Christian Vaisse, MD, PhD, studies weighty matters - the genetics of obesity. He has identified a mutated gene that is responsible for extreme obesity, at least in a rare and unfortunate few. Moreover, Vaisse, an endocrinologist and associate professor with the Diabetes Center at UCSF, has recently made a patentable discovery that may one day lead to new drug treatments. So, given his success, you might expect Vaisse to be overly optimistic about genetic fixes for fat. He's not. But there is hope in his caution.
Evolution Favors Fat
It can be tricky messing with the mechanism that sets the body's thermostat for storing energy as fat. It's called a lipostat.
"Lipo" means fat - as in liposuction. The lipostat establishes a set point for weight.
But if there is a set point for each of us, then why do almost all adults gain weight?
"The body matches food intake to energy expenditure," Vaisse says. "But like every biological system, it's not perfect."
Gaining a pound a year can turn a thin young adult into an overweight middle-aged one. And the lipostat only has to be off by a tiny fraction to drive that kind of weight gain.
"The system is built so that if it doesn't work, you eat too much," Vaisse says.
"From the standpoint of evolution, getting a little more food than you need is not a problem for growth, and it's not a problem for reproduction. Therefore, it's not a problem for survival."
On the other hand, running an energy deficit clearly does not favor survival. Ancient animals or people with genes that skewed their lipostats in that direction would be more likely to starve and fail to pass those genes down through later generations.
Targeting an Obesity Gene
Identifying a gene harboring a rare mutation sufficient to cause an animal or human to become very obese can lead to a better overall understanding of how biochemical pathways normally govern weight. This understanding in turn may lead to new ideas for how to design better drugs to help control weight.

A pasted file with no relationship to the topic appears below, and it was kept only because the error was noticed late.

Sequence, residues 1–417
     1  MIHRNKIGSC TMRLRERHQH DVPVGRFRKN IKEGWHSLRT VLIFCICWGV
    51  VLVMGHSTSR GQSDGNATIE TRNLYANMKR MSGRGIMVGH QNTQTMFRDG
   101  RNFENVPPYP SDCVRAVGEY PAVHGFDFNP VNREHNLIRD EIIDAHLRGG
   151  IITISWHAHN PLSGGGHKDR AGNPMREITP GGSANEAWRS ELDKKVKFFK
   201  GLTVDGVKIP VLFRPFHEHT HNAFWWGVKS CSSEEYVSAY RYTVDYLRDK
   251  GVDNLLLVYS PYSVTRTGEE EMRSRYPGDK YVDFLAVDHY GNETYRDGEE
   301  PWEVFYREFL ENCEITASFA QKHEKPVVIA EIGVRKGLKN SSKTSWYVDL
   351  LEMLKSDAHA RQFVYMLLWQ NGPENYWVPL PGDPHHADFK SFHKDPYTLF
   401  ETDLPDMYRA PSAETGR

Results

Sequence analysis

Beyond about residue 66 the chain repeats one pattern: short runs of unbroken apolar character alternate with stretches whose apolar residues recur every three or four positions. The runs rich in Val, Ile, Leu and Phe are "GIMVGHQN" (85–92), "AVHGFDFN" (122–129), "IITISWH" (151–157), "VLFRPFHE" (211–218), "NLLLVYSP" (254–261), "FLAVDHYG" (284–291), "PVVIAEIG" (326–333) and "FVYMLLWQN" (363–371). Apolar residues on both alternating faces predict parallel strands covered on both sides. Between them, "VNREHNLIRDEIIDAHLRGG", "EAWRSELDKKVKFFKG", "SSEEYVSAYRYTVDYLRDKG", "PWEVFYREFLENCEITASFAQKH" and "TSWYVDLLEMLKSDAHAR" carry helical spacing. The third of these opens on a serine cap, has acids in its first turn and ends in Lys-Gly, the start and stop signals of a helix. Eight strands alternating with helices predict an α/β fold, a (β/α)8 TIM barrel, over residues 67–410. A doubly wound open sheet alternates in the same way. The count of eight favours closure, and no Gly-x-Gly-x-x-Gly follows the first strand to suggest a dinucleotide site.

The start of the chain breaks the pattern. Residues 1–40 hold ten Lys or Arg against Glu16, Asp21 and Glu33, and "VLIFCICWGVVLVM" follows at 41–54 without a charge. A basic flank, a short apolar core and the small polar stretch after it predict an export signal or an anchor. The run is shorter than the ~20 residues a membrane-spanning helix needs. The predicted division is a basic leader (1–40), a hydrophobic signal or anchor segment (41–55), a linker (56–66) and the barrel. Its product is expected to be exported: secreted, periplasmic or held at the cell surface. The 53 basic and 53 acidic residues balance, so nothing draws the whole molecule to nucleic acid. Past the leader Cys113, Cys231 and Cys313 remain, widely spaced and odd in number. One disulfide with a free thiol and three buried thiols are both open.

By studying a really fat strain of mice that had sprung up in a breeding lab, researchers discovered a key component of the lipostat - the hormone leptin - a little more than a decade ago.
Leptin, which helps curb appetite, circulates in the blood at levels roughly comparable to body fat. If you keep eating too much, rising leptin levels should dampen your appetite and help prevent more weight gain.
Leptin quickly rose to fame because when given to lab rodents, it caused them to lose weight, at least at first. But it ultimately proved disappointing as a weight-loss drug. Vaisse proposes that there are many feedback mechanisms in balance when it comes to controlling weight, appetite and energy expenditure. The system might not be easy to fool for long through manipulation of any one component.
Several years ago, in a very obese patient, Vaisse discovered a mutation in a gene that encodes a protein that acts downstream from leptin to help put the brakes on appetite. The protein - called MC4R - is a cell-surface receptor that receives signals from outside the cell and relays them to the cell's interior.
Rodent studies revealed that the protein is found only in certain cells within the hippocampus, a structure deep within the brain. When the mutation encoding the malfunctioning MC4R protein was engineered into mice, the rodents ate excessively and became fat.
Drugs designed to mimic the molecules that normally activate MC4R should lessen appetite. But mice became resistant to candidate drugs within hours, Vaisse says.
More recently, Vaisse has identified another mode of MC4R activation that appears to be switched on constantly at a modest baseline level regardless of food consumption or fat stores. This mode of MC4R activation might be more responsive to drugs aimed at amplifying the effect to further reduce appetite, Vaisse says.
Many Genes May Help Determine Weight
Only a few genes govern eye color, but when it comes to obesity, Vaisse does not expect any scientist to find a common variation in a single gene - or even in just a few genes - that is responsible.
Scientific efforts to find such genes should already have borne fruit, he suggests. Vaisse suspects that many genes may contribute in small ways to the tendency to put on weight.
In individuals who gain weight more easily, variations in several genes may be operating simultaneously to favor fat accumulation.
Even so, that does not mean that a different anti-obesity drug needs to be developed to target every molecular contributor to weight gain. Despite the difficulty in identifying molecules that may be targeted effectively, there is hope for eventual success.
After all, Vaisse observes, the drugs known as statins work well to lower cholesterol for most people. This is true even though there are a variety of genes for which some inheritable versions contribute to high cholesterol.
By Jeff Norris